In the second part of the sixth stage, you need not practise shanmukhi mudra. Simply inhale and retain the breath. During the period of retention, rotate your consciousness in the spinal column. Descend from ajna to mooladhara; stay at mooladhara for a few moments, then ascend to ajna and exhale. Rest and practise self-awareness in between rounds.
Throughout these practices of ajapa japa, the method of mindful concentration upon the breath was propounded. The most important things in the practice of ajapa japa are rhythmic breathing and mindfulness or total awareness. Throughout the process of meditation, you must be mindful of every activity. While practising meditation, if you forget that you are meditating, you will never have success.
While meditating there comes a state of tandra, drowsiness, and this is the trouble with almost every aspirant who meditates. You go on thinking of a certain problem for fifteen minutes or so. During this period when you are brooding over the problem, you are not mindful that you are brooding. It is only when you finish the process of brooding that you realize you were thinking about such and such a thing. This is not meditation.
In meditation, concentration is not as important as mindfulness. Therefore, I always emphasize one point: be aware of what you are doing. Be conscious that you are counting, be mindful that you are visualizing, breathing, etc. In short, be absolutely awake and vigilant. You have to be conscious of every process of breathing. Mindfulness should be unceasing and unobstructed. This is called unceasing continuity.
In meditation, if you count one, two three, four, your mind should not wander even for a single second. Even if it wanders, let it do so, but be aware that it is wandering. If you can concentrate, be aware that you are concentrating. It is the very nature of the mind to wander and slip. You need not worry about this, but be aware of every tendency of the mind.
Whenever your mind, your consciousness, your awareness dissipates, be alert. No mental activity should go unnoticed. You should never be unmindful of the process of concentration. This is the fundamental and the only point in meditation to be remembered. If you fail to remember or understand this most important point, you will never get success in meditation, even if you meditate for a century.
It is a psychological fact that when you want to control the mind, it will wander ruthlessly and you will fail to control it. But if you quietly watch the mental activities, they will immediately stop. Therefore, in all the practices of ajapa japa I have tried to impress upon you this truth that instead of commanding the mind to stop forcibly, you should become mindful of its every activity.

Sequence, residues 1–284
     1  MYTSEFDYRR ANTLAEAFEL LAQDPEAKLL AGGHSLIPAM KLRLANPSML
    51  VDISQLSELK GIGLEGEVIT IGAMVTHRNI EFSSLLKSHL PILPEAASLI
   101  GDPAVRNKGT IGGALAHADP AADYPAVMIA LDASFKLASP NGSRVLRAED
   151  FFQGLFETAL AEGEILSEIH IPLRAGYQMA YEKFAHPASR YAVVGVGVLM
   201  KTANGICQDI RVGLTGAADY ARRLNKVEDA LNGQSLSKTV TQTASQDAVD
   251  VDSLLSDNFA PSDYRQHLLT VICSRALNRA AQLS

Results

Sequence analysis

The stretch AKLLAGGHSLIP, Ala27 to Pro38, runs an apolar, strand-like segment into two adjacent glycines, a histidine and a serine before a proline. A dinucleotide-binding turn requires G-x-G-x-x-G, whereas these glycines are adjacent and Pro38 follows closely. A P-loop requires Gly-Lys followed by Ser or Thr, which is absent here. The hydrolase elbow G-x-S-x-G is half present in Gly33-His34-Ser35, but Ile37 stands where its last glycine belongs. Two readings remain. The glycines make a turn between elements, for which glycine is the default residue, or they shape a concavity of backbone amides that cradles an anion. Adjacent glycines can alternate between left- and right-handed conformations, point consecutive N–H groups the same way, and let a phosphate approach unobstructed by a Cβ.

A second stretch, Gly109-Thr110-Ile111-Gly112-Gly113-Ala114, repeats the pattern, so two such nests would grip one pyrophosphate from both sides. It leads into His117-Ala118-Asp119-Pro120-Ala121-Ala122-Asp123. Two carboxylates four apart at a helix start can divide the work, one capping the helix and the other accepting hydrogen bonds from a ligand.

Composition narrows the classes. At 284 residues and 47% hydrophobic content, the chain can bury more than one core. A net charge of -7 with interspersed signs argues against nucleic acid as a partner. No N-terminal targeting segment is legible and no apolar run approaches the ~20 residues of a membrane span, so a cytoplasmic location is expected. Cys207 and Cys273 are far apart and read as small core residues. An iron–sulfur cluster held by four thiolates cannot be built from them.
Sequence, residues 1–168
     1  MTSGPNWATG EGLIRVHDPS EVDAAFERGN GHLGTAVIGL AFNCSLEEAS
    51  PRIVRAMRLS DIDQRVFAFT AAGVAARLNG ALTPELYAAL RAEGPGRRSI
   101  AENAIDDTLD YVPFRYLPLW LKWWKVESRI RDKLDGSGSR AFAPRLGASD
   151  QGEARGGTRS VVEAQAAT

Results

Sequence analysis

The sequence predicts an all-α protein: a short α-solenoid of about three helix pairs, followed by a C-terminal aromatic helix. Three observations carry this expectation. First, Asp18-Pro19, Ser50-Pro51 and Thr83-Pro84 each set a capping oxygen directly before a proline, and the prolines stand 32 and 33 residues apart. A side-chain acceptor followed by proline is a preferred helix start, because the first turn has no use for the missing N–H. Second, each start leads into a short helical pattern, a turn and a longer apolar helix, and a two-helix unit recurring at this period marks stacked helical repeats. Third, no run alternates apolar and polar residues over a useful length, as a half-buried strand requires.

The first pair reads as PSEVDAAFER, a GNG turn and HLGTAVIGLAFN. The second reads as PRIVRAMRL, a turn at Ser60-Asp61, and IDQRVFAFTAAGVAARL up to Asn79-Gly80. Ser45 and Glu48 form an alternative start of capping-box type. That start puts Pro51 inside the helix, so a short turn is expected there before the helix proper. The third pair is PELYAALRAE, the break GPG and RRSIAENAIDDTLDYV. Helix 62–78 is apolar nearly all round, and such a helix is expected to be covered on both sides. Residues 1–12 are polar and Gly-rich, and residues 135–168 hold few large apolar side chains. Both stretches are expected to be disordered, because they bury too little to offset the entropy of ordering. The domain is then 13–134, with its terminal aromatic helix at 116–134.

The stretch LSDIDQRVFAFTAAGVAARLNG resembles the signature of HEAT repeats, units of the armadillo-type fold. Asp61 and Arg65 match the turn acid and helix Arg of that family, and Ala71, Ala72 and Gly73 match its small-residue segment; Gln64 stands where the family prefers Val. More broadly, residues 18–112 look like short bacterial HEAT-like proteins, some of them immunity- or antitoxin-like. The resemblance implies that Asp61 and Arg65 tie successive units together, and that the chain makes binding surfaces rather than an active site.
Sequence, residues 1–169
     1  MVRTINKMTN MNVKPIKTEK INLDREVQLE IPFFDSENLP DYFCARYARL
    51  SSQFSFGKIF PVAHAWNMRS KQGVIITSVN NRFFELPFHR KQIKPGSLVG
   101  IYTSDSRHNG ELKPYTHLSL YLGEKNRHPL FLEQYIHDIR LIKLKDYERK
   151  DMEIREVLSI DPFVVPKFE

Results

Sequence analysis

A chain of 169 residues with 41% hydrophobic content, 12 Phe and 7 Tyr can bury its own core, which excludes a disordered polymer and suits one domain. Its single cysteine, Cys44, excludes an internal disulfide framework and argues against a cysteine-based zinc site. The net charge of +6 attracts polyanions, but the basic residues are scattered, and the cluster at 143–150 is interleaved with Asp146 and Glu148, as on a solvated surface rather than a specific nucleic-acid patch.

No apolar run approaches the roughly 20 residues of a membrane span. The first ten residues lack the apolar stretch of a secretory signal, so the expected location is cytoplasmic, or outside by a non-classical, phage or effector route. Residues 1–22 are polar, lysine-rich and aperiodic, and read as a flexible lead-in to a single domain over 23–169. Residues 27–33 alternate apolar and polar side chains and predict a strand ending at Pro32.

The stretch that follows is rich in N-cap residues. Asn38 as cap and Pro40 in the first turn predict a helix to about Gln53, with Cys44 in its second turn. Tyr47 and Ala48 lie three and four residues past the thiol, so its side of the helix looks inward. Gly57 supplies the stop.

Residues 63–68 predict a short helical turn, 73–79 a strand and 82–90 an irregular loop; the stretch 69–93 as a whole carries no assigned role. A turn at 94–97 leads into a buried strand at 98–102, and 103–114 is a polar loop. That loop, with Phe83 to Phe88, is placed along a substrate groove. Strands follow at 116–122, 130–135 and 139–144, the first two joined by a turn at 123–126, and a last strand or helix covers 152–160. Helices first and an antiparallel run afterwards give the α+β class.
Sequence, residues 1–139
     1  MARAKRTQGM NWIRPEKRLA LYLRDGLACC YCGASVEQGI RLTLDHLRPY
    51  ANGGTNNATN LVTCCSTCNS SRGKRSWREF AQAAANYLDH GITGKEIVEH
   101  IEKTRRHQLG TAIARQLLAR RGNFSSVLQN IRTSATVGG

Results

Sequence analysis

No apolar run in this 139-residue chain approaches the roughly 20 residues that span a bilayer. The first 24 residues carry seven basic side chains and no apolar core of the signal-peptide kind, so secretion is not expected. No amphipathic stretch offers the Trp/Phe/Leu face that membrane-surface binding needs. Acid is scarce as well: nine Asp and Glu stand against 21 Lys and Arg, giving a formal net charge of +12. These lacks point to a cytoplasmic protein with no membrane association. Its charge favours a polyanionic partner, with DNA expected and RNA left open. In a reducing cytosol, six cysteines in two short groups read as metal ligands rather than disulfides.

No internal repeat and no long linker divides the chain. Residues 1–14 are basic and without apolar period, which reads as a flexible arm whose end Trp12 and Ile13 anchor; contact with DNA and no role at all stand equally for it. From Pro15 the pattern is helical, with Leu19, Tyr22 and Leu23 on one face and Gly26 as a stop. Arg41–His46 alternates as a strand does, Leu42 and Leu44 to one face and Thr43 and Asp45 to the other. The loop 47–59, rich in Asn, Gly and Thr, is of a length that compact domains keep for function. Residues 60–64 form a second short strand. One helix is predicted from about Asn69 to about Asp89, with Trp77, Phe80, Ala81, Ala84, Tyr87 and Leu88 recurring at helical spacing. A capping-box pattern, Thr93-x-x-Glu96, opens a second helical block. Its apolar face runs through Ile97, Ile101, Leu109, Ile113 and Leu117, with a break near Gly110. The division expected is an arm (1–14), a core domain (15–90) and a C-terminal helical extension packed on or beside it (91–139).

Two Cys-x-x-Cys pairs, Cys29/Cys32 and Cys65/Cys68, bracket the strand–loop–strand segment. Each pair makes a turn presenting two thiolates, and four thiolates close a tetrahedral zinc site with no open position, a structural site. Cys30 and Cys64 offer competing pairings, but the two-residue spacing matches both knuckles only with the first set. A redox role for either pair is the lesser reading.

This exposition of the method of ajapa japa being practical, not much has been said here about the psychological significance of this kriya. However, it is not to be forgotten that ajapa japa offers a permanent cure for all mental disorders and its therapeutic importance can hardly be overemphasized. It also has a sacred significance which has been hinted at in several cryptic and mystical formulas in our ancient literature. These and other important aspects of ajapa japa can better be discussed and understood after one has gained the experience of doing the japa practice.
Ajapa japa meditation helps one to withdraw the senses and awaken self-awareness. It removes the impurities of the mind. A burning lamp cannot give full illumination if its glass is covered in smoke. Only when the glass is cleaned will the lamp shine fully. Similarly, the light or the power of the atman is within us, but it does not manifest itself in our daily life because of the hindrances of the thought process, the vagaries, dissipations and distractions of the mind.
There are different systems of meditation. The first group relates to the body, the second to the mind (i.e. thinking of an idea), the third to the intellect and the fourth to the higher consciousness. The light manifests itself when the physical consciousness, the mental consciousness, the intellectual consciousness and, lastly, the personality itself are eradicated totally.
So long as you do not transcend the body, the mind and the intellect, you will not attain perfect serenity and peace. The practices of ajapa japa aim at achieving this end. In an academic career one has to go through the primary, higher secondary, college and university education, in order to obtain the highest degree. Even so, in meditation there are four stages: relaxation, awareness, unification and transcendence. This has been explained in the practices of ajapa japa.
Ajapa japa is a complete method of mental training. In order to attain success, you must begin right from the first stage of meditation and gradually go to the last. Out of these six practices, you can conveniently practise the first four stages at home every day without difficulty. The fifth stage is a bit difficult in the sense that it requires greater power of imagination and concentration. It will take you some time to master it, but once you do, the sixth stage will also become much easier to practice.